A party platter sized fresh fruit bouquet makes a spectacular centerpiece for the Thanksgiving Day Dinner, at least until it’s time to carve the turkey. Before the big meal, allow guests to snack on the fresh fruit platter. It shouldn’t ruin anyone’s appetite.
After dinner, instead of allowing the last skewers to go to waste, consider these easy Thanksgiving Day Dinner recipes with the fresh fruit bouquet remnants:
Fruit Bouquet Parfait Recipe
The remaining pieces of the fruit are ripe for an ice cream parfait.
- Pieces of the fruit bouquet
- Ice cream
- 1 tablespoon of sugar (optional)
- Whipped cream
Cut the remaining pieces of fresh fruit bouquet into smaller cubes, discarding any brown pieces. In a parfait glass, spoon in a heaping tablespoon of fruit. Next, top the fruit with a layer of ice cream, alternating layers of fruit and ice cream until the parfait glass is full. Finally add whipped cream on top.
Fresh Fruit Bouquet Smoothie Recipe
The remnants of the fruit bouquet are juicy and healthy in a smoothie.
- Pieces of the fresh fruit bouquet
- 1/4 cup of chopped ice (use 1/3 cup of chopped ice for every cup of fruit
- ½ cup of vanilla ice cream
Toss the remaining cubes of edible fruit into the blender. Add chopped ice and a spoon of vanilla ice cream. Then, press the puree button for 20 seconds. Change the blender’s setting to ‘whip’ for 30 seconds. Pour the edible fruit bouquet contents into several high ball glasses. Place a straw in the center of each glass and place in the freezer until ready to serve – 1- 2-hours. (Don’t allow the smoothie to freeze.)
Frozen Fresh Fruit Bouquet Cup
The same idea is applicable to creating frozen snacks for children. Instead of using a glass, divvy up the contents of the soon to be frozen, fresh fruit bouquet into several plastic cups. Then freeze for four hours and – ENJOY!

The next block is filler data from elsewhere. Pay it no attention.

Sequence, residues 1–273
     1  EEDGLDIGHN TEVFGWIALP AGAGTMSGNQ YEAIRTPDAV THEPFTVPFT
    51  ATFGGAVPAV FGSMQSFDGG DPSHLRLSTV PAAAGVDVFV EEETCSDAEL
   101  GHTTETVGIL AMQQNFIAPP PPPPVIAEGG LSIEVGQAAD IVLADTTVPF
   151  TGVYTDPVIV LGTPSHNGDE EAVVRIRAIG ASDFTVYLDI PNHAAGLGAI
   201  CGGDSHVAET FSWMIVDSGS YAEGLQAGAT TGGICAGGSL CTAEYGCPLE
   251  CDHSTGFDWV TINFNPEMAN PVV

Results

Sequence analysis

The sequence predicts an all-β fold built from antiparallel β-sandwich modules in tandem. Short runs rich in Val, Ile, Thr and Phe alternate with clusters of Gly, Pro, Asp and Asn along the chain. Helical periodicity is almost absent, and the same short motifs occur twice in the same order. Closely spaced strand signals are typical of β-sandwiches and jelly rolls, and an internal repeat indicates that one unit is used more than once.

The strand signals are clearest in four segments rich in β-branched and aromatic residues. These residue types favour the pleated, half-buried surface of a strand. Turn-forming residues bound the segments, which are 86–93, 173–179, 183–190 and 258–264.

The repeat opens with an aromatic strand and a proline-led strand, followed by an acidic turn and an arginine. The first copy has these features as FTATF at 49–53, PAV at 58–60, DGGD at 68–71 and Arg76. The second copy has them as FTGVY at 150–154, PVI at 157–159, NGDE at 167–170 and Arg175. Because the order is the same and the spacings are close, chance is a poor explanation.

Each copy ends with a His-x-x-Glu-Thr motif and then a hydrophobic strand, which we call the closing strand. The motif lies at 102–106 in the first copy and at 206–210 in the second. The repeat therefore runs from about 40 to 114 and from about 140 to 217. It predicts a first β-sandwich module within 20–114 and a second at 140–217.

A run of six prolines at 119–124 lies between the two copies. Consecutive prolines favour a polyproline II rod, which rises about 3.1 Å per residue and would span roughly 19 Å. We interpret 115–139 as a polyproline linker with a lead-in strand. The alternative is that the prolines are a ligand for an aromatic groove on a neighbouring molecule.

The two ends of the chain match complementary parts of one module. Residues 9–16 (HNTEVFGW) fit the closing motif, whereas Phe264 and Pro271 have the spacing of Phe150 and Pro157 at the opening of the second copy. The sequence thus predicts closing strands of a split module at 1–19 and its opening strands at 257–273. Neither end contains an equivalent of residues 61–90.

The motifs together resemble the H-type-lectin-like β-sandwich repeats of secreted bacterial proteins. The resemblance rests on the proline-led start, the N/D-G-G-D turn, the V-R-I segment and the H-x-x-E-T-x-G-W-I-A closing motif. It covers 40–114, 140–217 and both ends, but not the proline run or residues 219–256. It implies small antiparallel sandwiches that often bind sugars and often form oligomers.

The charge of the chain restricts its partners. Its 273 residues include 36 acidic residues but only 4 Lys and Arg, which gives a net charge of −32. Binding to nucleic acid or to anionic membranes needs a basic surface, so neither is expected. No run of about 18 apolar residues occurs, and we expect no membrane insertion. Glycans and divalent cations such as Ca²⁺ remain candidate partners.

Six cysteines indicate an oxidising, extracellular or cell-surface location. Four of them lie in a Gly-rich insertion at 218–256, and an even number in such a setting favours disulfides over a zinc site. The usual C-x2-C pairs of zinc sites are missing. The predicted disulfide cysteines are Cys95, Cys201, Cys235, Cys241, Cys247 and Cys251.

When you think of Thanksgiving dinner, turkey, mashed potatoes and gravy, dressing, green bean casserole, corn and rolls usually come to mind, but what about fruit? We all know that fruit is an important part of any healthy diet and should be offered at every meal, but for some reason it’s frequently missing from the Thanksgiving table. What can we do about that? How can we add fruit to the Thanksgiving menu?
Here are a few ideas to get your creative juices flowing:
If you offer a salad bar, be sure to include fruit such as pomegranate seeds, dried cranberries and Mandarin orange slices.
Many families enjoy a fruit salad at summer reunions, why not add one to the Thanksgiving menu? Here are a few links to recipes you might want to try:
- Autumn Apple Salad II
- Creamy Fruit Salad
- Easy Fruit Salad
- Frozen Fruit Salad
- Sunday Best Fruit Salad
For dessert consider an angel food cake or cheesecake with a variety of fresh fruits to add as toppings.
When setting the table consider using fruit as the centerpiece. You can order a fresh fruit bouquet or you can simply use beautiful fresh fruits from the market. Martha Stewart recommends fruit as a Thanksgiving centerpiece here.